[18]   P. D. Jensen, I. M. Jensen and J. Ellegaard, “Desferriox-amine Treatment Reduces Blood Transfusion Require-ments in Patients with Myelodysplastic Syndrome,” British Journal Haematology, Vol. 80, No. 1, 1992, pp. 121-124.

[19]   E. Messa, D. Cilloni, F. Messa, et al., “Deferasirox Treatment Improved the Hemoglobin Level and Decreased Transfusion Requirements in Four Patients with the Myelodysplastic Syndrome and Primary Myelofibrosis,” Acta Haematologia, Vol. 120, No. 2, 2008, pp. 70-74.

[20]   C. Camaschella, A. Campanella, L. De Falco, et al., “The Human Counterpart of Zebrafish Shiraz Shows Siderob-lastic-Like Microcytic Anemia and Iron Overload,” Blood, Vol. 110, No. 4, 2007, pp. 1353-1358.

[21]   V. Pullarkat, “Objectives of Iron Chelation Therapy in Myelodysplastic Syndromes: More than Meets the Eye?” Blood, Vol. 114, No. 26, 2009, pp. 5251-5255.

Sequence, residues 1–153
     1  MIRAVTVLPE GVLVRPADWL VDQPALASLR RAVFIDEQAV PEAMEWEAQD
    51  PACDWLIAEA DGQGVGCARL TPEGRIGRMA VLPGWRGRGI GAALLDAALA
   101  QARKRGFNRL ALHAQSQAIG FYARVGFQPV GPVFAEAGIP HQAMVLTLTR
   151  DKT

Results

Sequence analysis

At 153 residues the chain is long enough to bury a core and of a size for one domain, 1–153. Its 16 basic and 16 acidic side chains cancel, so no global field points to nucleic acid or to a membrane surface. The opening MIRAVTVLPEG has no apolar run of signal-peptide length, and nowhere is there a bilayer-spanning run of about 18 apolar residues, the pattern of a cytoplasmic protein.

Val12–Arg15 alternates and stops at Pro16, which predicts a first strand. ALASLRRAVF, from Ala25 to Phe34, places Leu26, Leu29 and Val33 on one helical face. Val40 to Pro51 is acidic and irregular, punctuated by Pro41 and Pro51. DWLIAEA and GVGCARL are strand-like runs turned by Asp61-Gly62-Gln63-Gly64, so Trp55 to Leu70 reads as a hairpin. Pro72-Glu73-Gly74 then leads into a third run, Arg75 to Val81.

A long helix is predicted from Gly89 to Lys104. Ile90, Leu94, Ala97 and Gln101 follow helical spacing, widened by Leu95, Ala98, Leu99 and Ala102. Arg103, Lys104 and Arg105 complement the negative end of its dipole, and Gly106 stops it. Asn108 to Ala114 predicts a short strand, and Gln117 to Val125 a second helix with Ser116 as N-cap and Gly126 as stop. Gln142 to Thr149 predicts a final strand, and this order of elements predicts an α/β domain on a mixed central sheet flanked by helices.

[22]   J. Koreth, J. H. Antin, “Iron Overload in Hematologic Malignancies and Outcome of Allogeneic Hematopoietic Stem Cell Transplantation,” Haematologica, Vol. 95, No. 3, 2010, pp. 364-366.

[23]   C. E. Cooper, G. R. Lynagh, K. P. Hoyes, et al., “The Relationship of Intracellular Iron Chelation to the Inhibition and Regeneration of Human Ribonucleotide Reductase,” The Journal of Biological Chemistry, Vol. 271, No. 34, 1996, pp. 20291-20299. doi:10.1074/jbc.271.34.20291

[24]   E. Angelucci, G M. Brittenham, C. E. McLaren, et al., “Hepatic Iron Concentration and Total Body Iron Stores in Thalassemia Major,” The New England Journal Medicine, Vol. 343, No. 5, 2000, pp. 327-331. doi:10.1056/NEJM200008033430503